In light of the idea that openness is hard work and that improving the discovery path for new contributors is a constant struggle, I’d like to do something to help make Test Pilot a little more discoverable, and possibly gain some useful feedback as well.

Why not publicly post the code for upcoming Test Pilot studies? The Mozilla community can check it out and verify for themselves that we’re upholding our promise not to collect any sensitive or personally identifiable data. They can also point out anything that’s potentially wrong with the code, things that we’re overlooking that might make the collected data less accurate, etc. That sort of feedback would be very useful for us developers.

Of course, it’s not like we’ve been keeping the Test Pilot study code secret up until now, or anything. They’ve always been, and will always be, available through our public Mercurial repository. (Look in the /testcases/ directory). But that’s not exactly easily discoverable.

So, I’m going to start announcing upcoming studies on this blog and linking directly to the code, to make it easier for interested parties to offer feedback.

The next study we’ll be releasing is called the Firefox 4 Beta Interface Study v2. It’s a revised version of the earlier Beta Interface study that we ran near the beginning of the Firefox 4 Beta program. It’s been updated to include instrumentation of the new features in the beta, such as Sync, Panorama, and App Tabs; we’d really like to know how many people are using these new features, and how they’re using them – e.g., how often do people sync? If they use app tabs, how many app tabs do they have? If they use Panorama, how many tab groups do they use? And so on. We’ll also continue tracking the same things that the first version tracked – frequency of use of menu items and toolbar buttons. That way, we can look at how people are using the toolbars and menus now,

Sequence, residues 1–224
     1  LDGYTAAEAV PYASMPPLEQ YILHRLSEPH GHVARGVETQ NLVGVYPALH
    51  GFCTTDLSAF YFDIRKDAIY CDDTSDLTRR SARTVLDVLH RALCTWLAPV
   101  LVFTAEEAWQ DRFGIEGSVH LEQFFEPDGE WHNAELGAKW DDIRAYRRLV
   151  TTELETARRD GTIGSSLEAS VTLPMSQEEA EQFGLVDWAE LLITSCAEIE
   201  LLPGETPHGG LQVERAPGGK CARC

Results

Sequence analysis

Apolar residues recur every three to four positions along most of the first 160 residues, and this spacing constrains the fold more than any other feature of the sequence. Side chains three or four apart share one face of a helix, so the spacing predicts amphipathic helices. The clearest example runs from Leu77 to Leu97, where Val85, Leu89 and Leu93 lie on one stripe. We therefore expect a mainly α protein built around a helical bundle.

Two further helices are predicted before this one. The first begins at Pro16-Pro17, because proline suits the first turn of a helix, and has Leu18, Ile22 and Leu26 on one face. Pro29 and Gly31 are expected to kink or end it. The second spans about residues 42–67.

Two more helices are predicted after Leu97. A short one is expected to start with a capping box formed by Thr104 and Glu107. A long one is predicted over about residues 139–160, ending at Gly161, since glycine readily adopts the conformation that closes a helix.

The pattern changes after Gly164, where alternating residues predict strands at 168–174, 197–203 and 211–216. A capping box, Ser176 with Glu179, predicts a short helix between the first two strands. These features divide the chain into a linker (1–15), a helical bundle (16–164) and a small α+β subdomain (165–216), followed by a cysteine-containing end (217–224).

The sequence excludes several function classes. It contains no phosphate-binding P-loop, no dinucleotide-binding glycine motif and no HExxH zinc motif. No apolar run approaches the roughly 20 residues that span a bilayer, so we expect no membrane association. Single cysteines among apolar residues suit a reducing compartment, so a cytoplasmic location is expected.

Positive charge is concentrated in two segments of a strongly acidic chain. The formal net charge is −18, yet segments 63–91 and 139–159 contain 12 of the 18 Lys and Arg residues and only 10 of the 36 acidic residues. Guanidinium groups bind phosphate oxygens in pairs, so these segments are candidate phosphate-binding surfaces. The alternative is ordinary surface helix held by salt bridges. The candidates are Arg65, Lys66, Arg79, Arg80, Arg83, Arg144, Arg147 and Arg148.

compared to how they used them earlier on in the beta cycle (summed up in this heatmap), and see if there are any trends there.

Of course, as always, we’re not collecting any URLs, search terms, names of sites, or names of bookmarks. You don’t have to take my word for it; take a look at the code and see for yourself!

You can read the latest Firefox 4 Beta Interface Study code on the web via the Mercurial repository.

Or you can take a look at the Bugzilla tracking bug for the study; the code is attached to the bug.

Finally, the code for the study is also mirrored on GitHub, so feel free to look at it there if you prefer to use GitHub’s code review tools.

So pick your method and take a look at the code; comments, questions, and criticism welcome.